By Andreas Cremer and Bernie Woodall
BERLIN/DETROIT (Reuters) – Four of the world’s top carmakers have agreed to invest in thousands of fast-charging sites across Europe to boost mainstream acceptance of electric cars, the companies said on Tuesday.
Spurred by the success of U.S. rival Tesla, which has received huge pre-orders for its Model 3 car, German rivals Volkswagen <VOWG_p.DE>, Daimler’s Mercedes, BMW an Ford Motor Co’s European division have entered a joint venture to develop 400 charging stations.
Overcoming “range anxiety,” the fear of running out of power before reaching a charging station, is key to widespread consumer acceptance of electric vehicles, which so far have filled only a niche market.
Figures on the total investment were not released.
A memorandum of understanding for the JV was reached late last week.
Government regulators have also been pushing electric vehicle infrastructure projects.
In the United States, it remains to be seen how an administration of Donald Trump will embrace such projects. The White House earlier this month, and a week before the presidential election, announced efforts to spur development of EV charging infrastructure.
After the German government agreed to help the auto industry with electric car subsidies, pressure has built for Germany’s carmakers to accelerate the development and rollout of electric car infrastructure.
German Economics Minister Sigmar Gabriel, a potential challenger to Angela Merkel in 2017, has called for Germany to become a leader in electric vehicle technology.
Electric vehicle infrastructure will also get a boost from Volkswagen’s diesel emissions settlement, which calls for investment in EVs, and Daimler recently announced investing 10 billion euros ($11 billion) in EVs.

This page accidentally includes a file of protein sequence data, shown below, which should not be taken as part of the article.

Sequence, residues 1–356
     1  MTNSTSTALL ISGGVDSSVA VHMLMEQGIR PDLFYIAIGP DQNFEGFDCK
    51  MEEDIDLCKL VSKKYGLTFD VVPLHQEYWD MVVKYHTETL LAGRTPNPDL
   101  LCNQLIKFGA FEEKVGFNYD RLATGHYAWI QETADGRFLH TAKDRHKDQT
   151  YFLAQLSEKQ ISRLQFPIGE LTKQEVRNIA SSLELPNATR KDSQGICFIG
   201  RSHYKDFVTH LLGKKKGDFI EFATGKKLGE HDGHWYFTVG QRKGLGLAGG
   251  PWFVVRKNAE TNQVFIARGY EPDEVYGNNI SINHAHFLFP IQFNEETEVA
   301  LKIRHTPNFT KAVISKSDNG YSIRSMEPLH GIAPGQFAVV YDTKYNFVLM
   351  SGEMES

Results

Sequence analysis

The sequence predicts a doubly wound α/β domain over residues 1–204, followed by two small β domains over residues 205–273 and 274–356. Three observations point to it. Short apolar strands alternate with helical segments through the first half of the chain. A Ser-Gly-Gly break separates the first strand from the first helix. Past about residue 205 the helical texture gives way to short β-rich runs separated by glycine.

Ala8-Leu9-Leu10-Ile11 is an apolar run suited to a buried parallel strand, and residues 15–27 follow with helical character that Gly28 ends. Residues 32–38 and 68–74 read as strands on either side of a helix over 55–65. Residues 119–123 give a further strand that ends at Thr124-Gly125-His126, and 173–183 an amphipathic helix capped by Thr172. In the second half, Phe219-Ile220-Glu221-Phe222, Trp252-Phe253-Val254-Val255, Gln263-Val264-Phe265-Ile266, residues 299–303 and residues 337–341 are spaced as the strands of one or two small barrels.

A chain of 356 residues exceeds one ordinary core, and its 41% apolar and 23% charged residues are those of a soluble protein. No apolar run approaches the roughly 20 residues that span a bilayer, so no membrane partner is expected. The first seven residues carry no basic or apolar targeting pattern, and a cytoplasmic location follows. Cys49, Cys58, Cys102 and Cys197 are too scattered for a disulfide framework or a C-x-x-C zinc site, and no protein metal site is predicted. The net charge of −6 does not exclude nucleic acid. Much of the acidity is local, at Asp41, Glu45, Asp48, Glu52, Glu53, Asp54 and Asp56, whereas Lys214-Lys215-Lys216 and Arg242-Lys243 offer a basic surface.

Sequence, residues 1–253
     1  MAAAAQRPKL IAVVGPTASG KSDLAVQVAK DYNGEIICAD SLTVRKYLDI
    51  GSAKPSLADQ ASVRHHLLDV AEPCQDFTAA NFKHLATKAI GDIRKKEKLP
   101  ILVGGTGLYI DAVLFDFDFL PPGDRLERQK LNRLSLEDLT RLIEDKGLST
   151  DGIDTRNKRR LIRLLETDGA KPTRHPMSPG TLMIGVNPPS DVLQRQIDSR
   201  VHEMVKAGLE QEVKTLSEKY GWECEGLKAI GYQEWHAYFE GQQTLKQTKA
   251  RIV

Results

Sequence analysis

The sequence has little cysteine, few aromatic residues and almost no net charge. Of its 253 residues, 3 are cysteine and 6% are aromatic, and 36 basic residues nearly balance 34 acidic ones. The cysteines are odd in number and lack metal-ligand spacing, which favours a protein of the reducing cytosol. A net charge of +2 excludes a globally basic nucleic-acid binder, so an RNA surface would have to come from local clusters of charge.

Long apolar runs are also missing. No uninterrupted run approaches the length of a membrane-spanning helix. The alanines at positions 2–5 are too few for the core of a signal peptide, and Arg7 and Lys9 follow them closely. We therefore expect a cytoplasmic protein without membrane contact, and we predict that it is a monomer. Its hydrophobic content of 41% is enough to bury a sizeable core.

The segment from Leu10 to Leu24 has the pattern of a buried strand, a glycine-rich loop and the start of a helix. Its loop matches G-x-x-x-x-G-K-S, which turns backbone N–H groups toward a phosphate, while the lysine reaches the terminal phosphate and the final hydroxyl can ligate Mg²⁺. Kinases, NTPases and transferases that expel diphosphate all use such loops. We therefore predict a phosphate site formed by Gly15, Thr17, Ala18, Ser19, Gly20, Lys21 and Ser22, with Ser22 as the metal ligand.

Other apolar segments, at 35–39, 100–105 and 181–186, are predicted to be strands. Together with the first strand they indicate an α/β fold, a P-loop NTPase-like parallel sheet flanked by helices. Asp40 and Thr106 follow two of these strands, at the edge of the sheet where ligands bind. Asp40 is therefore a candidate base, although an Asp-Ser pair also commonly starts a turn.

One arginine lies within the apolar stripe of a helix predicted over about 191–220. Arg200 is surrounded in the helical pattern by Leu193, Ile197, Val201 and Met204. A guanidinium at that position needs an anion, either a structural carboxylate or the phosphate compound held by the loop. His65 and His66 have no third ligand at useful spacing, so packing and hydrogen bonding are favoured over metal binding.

Scarce charging points, as well as higher prices for electric cars compared with combustion models, have stifled mass-market demand despite sales incentives that often include government assistance.
“The availability of high-power stations allows long-distance electric mobility for the first time and will convince more and more customers to opt for an electric vehicle,” Daimler Chief Executive Dieter Zetsche said.
A goal is to make charging an electric vehicle as convenient as refueling at conventional gas stations, the automakers said in a statement issued on Tuesday.
Executives across the industry predict electric cars will become increasingly popular due to advances that make batteries cheaper and more powerful. Also, the VW emissions scandal has sparked a regulatory backlash against diesel-engine vehicles.
Diesel-powered vehicles accounted for 52 percent of new passenger cars sold in Europe last year, although they are a small fragment of the U.S. market.
The joint venture, which is open to other automakers, is to fund the establishment of charging sites beginning in the first quarter of 2017, the carmakers said.
After reaching the initial goal of about 400 charging sites along major highways in Europe, the group aims to have “thousands of high-powered charging points” on the continent by 2020, the statement said.
The JV is to include Volkswagen’s Audi and Porsche brands.
A Ford spokeswoman in the United States, Angie Kozleski, said the JV is in discussions with power generation providers but is not ready to announce which company or companies will supply electricity to the charging stations.
The initial focus of the JV, Ford’s Kozleski said, “will be building the network in Europe and the joint venture will decide on possible expansion, based on market insights, when it is appropriate.”
She would not comment on Ford or other automakers’ efforts to develop charging networks in the United States or Asia.
In September, ChargePoint Inc, the world’s largest electric vehicle charging network, said the U.S. divisions of Volkswagen and BMW are collaborating on charging networks on the two U.S. coasts.
The European network will be based on so-called combined charging system technology, enhancing existing AC and DC charging standards and allowing for ultra-fast power levels of up to 350 kilowatt-hours.
(Additional reporting by Edward Taylor in Frankfurt; Editing by Maria Sheahan and Dan Grebler)